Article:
The Tibetan and Himalayan Library (THL) collections of images are indexed by THL’s Place Dictionary and Knowledge Maps for easy exploration. View over 60,000 photos of Tibet and the Himalayas, many with links to maps.
The Tibetan and Himalayan Library is a publisher of websites, information services, and networking facilities relating to the Tibetan plateau and southern Himalayan regions. THL promotes the integration of knowledge and community across the divides of academic disciplines, the historical and the contemporary, the religious and the secular, the global and the local.
Images are linked together by topic, location, and collection for easy browsing and context. For more information, see the library’s main site.
Facebook does allow some selective sharing, but doing so is difficult to comprehend. As a result, many professors have decided to reserve Facebook for personal communications rather than use it for teaching and research… In Google Plus, users can assign each new contact to a “circle” and can create as many circles as they like. Each time they post an update, they can easily select which circles get to see it.
See also an article from journalism professor Jeremy Littau on “Why Lehigh (and every other) University needs to be on Gplus. Now.” His explanation includes a plan to hold virtual office hours using the Google+ Hangout feature.
The Modern Art Iraq Archive (MAIA) was made public this week. MAIA started as the result of a long-term effort to document and preserve the modern artistic works from the Iraqi Museum of Modern Art in Baghdad, most of which were lost and damaged in the fires and looting during the aftermath of the 2003 US invasion of Iraq. As the site shows, very little is known about many of the works, including their current whereabouts and their original location in the Museum. The lack of documents about modern Iraqi art prompted the growth of the project to include supporting text. The site makes the works of art available as an open access database in order to raise public awareness of the many lost works and to encourage interested individuals to participate in helping to document the museum’s original and/or lost holdings…
The Photography, Video and Visual Journalism blog for the New York Times, Lens, has revealed their interactive mosaic of photographs which were solicited on Sunday, May 2nd, from readers around the world. The mosaic takes shape as a globe covered with stacks of the digital photographs, corresponding in location to where they were captured at a single moment in time. The globe can be “spun” in any direction to explore various locations, and pictures can be searched by topic: community, arts and entertainment, family, money and the economy, nature and the environment, play, religion, social issues or work. Image-specific URLs are also available so that you can return to your favorite photographs again and again.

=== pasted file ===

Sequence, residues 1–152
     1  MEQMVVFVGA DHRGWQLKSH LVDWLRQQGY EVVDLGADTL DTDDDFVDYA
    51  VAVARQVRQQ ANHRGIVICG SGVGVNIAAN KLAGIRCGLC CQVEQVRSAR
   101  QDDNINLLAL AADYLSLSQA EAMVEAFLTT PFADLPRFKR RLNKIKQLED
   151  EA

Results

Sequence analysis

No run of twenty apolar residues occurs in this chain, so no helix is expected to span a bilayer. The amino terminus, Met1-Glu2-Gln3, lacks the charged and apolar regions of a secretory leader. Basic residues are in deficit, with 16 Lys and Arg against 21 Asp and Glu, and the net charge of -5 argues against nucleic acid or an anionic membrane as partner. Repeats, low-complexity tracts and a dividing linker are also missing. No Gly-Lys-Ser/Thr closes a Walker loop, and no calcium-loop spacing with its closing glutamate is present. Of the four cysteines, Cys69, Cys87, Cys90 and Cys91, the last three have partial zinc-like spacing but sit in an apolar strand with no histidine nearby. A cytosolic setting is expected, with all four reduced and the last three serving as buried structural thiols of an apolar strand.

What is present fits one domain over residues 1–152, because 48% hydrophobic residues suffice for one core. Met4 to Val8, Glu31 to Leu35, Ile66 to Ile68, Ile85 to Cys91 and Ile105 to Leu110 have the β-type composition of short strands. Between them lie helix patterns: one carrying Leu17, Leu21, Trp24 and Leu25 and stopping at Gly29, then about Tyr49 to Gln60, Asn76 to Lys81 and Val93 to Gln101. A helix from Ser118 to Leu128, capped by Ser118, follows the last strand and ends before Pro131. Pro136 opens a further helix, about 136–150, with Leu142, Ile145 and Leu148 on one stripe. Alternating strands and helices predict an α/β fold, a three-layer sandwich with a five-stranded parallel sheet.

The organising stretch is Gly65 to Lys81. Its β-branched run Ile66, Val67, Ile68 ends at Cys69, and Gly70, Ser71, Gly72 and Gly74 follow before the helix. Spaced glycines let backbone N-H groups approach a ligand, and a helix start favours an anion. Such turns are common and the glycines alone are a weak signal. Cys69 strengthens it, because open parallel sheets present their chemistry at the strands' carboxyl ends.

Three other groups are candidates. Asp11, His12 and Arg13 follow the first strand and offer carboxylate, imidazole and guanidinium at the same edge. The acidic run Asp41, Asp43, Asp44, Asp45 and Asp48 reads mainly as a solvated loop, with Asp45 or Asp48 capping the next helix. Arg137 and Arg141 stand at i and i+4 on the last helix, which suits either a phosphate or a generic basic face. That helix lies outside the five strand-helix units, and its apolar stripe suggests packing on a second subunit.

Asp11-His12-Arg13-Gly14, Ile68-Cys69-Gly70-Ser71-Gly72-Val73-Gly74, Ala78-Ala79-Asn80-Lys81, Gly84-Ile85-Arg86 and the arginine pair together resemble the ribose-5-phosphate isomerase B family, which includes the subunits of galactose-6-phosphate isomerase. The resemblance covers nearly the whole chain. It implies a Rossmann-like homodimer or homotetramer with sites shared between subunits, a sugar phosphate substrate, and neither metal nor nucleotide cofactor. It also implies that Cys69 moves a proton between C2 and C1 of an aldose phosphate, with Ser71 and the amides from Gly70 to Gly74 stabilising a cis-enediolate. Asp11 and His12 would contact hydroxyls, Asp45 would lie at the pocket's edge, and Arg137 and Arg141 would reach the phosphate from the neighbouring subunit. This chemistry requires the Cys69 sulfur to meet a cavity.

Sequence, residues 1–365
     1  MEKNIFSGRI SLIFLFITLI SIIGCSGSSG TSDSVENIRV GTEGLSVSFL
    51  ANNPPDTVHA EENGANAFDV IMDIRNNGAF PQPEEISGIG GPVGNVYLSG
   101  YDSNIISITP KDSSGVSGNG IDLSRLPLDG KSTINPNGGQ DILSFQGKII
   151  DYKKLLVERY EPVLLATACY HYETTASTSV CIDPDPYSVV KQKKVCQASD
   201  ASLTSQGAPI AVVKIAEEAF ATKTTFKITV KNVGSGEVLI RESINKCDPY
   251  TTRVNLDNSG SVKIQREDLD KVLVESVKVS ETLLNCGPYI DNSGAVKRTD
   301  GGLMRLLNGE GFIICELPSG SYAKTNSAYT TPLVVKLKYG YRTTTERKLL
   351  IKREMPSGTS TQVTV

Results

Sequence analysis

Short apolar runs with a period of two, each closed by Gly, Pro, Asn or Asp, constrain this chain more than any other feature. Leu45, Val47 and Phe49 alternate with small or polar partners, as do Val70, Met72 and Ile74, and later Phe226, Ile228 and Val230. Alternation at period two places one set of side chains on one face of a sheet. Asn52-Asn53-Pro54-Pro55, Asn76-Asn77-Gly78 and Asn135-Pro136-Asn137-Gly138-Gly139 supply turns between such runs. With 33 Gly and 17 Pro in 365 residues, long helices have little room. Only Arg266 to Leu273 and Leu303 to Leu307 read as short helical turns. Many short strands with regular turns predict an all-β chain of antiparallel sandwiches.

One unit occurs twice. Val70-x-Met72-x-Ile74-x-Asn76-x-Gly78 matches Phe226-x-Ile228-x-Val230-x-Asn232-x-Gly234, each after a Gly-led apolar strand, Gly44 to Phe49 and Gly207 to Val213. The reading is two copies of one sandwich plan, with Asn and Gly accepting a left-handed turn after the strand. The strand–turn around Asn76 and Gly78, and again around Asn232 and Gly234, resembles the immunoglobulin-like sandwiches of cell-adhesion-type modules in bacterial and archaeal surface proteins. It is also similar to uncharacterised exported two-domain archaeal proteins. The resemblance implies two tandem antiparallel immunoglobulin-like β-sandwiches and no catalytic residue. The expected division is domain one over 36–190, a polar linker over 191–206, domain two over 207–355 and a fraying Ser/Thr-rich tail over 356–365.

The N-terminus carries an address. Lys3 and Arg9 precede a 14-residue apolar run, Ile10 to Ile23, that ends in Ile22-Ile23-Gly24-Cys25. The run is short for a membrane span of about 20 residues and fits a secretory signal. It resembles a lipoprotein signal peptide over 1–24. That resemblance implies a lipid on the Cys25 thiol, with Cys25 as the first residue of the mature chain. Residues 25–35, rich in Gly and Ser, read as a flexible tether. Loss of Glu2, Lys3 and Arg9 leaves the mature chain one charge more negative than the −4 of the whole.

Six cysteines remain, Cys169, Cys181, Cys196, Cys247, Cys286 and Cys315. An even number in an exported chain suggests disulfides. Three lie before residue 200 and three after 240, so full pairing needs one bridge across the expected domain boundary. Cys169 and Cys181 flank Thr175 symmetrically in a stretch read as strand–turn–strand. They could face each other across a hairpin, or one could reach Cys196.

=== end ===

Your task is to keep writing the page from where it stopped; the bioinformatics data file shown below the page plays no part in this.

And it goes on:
In 2006, the Met, MoMA, the Brooklyn Museum, and the Frick Collection teamed up to create NYARC: the New York Art Resources Consortium, a system which unites the resources and libraries of these institutions and makes them more accessible to both scholars and the general public. Funded by the Andrew W. Mellon Foundation, NYARC seeks to extend library and archive resources, services, and programming to a wider audience, and to facilitate collaboration between leading art research institutions.
Through NYARC’s website you can access the 800,000-record ARCADE database, which serves as a cohesive online source for the combined holdings of the Frick, MoMA, and the Brooklyn Museum. There is also a portal for WATSONLINE, the online catalog for the Museum of Modern Art. Finally, links to news posts alert you to current projects like the JSTOR Auction Catalog Pilot Project and new holdings in the NYARC museums.
To view the New York Times’ profile of NYARC, refer to this article from March 14th, 2010.
This blog post was contributed by student staff member Emilia Mickevicius.